A senior official told AFP the resignation of premier Ibrahim Mahlab's administration aimed to "pump new blood" into the government after the arrest on Monday of agriculture minister Salah Helal on suspicion of taking bribes.
The presidency said Sisi asked outgoing oil minister Sharif Ismail to form a new cabinet within a week.
Media had reported an impending reshuffle after Helal's arrest following his resignation in connection with an investigation into corruption.
Helal and his chief of staff were accused of having "requested and received" bribes from a businessman, via an intermediary, to legalise the purchase of state property.
The government had denied reports of an impending reshuffle, and said no other ministers had been implicated in the corruption case.
But there have growing calls for Mahlab's resignation and increasing protests by civil servants over a new law that centralises promotions while taxing bonuses.
"The main reason was the president was displeased with the job of some ministers, and his feeling that the government wasn't achieving what he wanted, especially in light of complaints by citizens regarding services," said Mostafa Kamel al-Sayyed, a Cairo University political science professor.
Mahlab's resignation comes as Egypt prepares to hold long-delayed legislative elections in two phases between October 17 and December 2.
- Discontent over prices -
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The elections had initially been scheduled for early 2015 but were cancelled by a court on technical grounds.
Mahlab, who had headed the Arab Contractors construction firm, had been appointed by interim president Adly Mansour in March 2014, less than a year after the army toppled Islamist president Mohamed Morsi.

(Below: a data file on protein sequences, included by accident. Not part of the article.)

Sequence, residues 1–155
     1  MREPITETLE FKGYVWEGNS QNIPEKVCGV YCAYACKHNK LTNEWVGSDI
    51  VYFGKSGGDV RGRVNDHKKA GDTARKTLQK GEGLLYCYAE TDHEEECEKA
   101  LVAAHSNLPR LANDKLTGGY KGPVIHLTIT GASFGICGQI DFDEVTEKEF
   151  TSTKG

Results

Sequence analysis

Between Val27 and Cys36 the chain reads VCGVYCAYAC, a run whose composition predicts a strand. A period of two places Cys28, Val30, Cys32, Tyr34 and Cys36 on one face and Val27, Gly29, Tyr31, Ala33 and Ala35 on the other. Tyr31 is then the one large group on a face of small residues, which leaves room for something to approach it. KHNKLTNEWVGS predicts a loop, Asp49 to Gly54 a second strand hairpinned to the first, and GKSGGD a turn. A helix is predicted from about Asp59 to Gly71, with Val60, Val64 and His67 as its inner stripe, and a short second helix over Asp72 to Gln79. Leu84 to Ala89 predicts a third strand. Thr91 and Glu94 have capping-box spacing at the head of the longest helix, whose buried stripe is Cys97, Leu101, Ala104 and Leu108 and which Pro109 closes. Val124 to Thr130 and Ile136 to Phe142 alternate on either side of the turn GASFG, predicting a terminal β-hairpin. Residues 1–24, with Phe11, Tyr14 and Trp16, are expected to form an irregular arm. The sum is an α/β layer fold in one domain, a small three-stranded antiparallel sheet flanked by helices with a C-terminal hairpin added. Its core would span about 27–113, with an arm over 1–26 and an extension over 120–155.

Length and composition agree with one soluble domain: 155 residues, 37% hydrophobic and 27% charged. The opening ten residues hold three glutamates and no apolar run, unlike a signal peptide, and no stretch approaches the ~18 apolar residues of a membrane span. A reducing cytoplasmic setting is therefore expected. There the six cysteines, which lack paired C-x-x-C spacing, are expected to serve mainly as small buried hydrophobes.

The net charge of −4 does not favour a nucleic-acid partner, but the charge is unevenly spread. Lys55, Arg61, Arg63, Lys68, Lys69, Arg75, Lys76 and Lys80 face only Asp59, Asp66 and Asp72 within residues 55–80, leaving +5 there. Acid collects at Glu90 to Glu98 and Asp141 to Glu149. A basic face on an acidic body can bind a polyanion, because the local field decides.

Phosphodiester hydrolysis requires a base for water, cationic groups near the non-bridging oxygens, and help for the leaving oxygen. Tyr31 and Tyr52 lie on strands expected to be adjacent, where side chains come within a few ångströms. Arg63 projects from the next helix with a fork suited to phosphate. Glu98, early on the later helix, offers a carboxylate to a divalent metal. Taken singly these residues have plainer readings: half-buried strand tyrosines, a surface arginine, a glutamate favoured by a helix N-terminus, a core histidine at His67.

He was viewed as a capable technocrat close to Sisi, the former army chief who removed Morsi and won the presidential election in May that year.
Ismail, who has experience in state-owned petroleum companies, had been the managing director of Ganoub El Wadi Petroleum Holding Company before his appointment as oil minister in July 2013 following Morsi's overthrow.
Morsi's removal and detention unleashed a deadly crackdown on Islamists that killed hundreds of protesters, and the army has struggled to quash a jihadist insurgency in the Sinai Peninsula.
The government had enjoyed support in the face of militants who have killed hundreds of soldiers, but in recent months had come under fire for corruption and the unpopular civil service law.
There has also been growing discontent over a rise in food prices and slashes to a generous fuel subsidy system as Sisi pushes to narrow a budget deficit.
Sisi has been able to pass decrees virtually unchecked in the absence of a parliament, including the subsidy cuts that previous governments had shirked to avoid unrest.
The new parliament, expected to begin work by the end of the year, will review those laws.
However, it is unlikely to present the president with any sustained opposition and will probably be dominated by Sisi loyalists and weak and fractured political parties that have generally backed him.
The previous parliament, elected in 2011 after an uprising ousted veteran president Hosni Mubarak, had been dominated by Morsi's Muslim Brotherhood movement.
The Islamist group was banned after Morsi's overthrow in July 2013, and thousands of its members, including top leaders, have been jailed.